Some neighbors and friends were also invited to the barbecue, but the event wasn't advertised or talked about on social media, Shelton said.

“It doesn't make sense to take people's lives like that,” Shelton said.

The Rev. Maurice Trent, pastor of Lighthouse Church, said he has known the family for years. They call him “Uncle Cliff,” he said. He led the service when Brittany's baby daughter died a few years ago.

Somebody knows who is responsible for the tragedy, he said.

“The family appeals to you to pick up the phone and say something,” Trent said.

He also urged people to donate to the Shelton-Powell memorial fund through Citizens Bank.

“They are facing a huge financial burden having to bury so many at one time,” he said.

Shelton said she is trying to hold everything together for her five grandchildren.

“Right now, I have no choice but to be strong because I have grandkids that lost their parents that I have to be strong for and live for,” she said.

Her oldest daughter, Mellyora Walker, 32, said she is doing her best to be strong for her mother while also grieving the loss of her older brother and two younger sisters.

“They were her babies,” Walker said. “So I got to hold her up.”

Elizabeth Behrman is a staff writer for the Tribune-Review. She can be reached at 412-320-7886 or [email protected].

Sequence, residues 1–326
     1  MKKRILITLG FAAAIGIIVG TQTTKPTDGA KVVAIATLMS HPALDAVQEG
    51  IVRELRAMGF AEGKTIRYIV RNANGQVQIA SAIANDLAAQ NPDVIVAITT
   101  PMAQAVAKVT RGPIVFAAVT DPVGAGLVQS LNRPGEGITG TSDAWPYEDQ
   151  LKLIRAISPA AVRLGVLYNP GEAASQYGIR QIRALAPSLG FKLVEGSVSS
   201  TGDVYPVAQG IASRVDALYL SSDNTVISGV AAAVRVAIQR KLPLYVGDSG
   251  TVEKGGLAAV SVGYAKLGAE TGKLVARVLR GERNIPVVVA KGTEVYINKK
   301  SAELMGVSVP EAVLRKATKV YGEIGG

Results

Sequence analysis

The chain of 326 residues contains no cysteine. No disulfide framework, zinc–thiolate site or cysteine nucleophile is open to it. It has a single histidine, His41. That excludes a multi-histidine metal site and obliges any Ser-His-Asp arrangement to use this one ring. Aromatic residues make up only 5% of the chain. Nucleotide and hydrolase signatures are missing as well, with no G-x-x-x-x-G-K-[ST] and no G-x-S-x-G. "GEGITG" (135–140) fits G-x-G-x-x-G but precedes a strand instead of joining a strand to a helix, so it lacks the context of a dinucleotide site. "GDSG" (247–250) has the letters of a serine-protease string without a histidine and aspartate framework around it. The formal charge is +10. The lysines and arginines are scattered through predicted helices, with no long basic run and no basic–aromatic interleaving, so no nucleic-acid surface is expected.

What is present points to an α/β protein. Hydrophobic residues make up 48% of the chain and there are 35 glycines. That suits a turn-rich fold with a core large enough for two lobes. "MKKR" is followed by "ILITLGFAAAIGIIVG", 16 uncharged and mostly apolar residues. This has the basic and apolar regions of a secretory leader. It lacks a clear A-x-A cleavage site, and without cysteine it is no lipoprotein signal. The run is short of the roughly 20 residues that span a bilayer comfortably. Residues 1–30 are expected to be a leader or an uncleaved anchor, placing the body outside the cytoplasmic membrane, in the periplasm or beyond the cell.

TribLIVE commenting policy

You are solely responsible for your comments and by using you agree to our Terms of Service.

We moderate comments. Our goal is to provide substantive commentary for a general readership. By screening submissions, we provide a space where readers can share intelligent and informed commentary that enhances the quality of our news and information.

While most comments will be posted if they are on-topic and not abusive, moderating decisions are subjective. We will make them as carefully and consistently as we can. Because of the volume of reader comments, we cannot review individual moderation decisions with readers.

We value thoughtful comments representing a range of views that make their point quickly and politely. We make an effort to protect discussions from repeated comments either by the same reader or different readers

We follow the same standards for taste as the daily newspaper. A few things we won't tolerate: personal attacks, obscenity, vulgarity, profanity (including expletives and letters followed by dashes), commercial promotion, impersonations, incoherence, proselytizing and SHOUTING. Don't include URLs to Web sites.

We do not edit comments. They are either approved or deleted. We reserve the right to edit a comment that is quoted or excerpted in an article. In this case, we may fix spelling and punctuation.

We welcome strong opinions and criticism of our work, but we don't want comments to become bogged down with discussions of our policies and we will moderate accordingly.

We appreciate it when readers and people quoted in articles or blog posts point out errors of fact or emphasis and will investigate all assertions. But these suggestions should be sent via e-mail. To avoid distracting other readers, we won't publish comments that suggest a correction. Instead, corrections will be made in a blog post or in an article.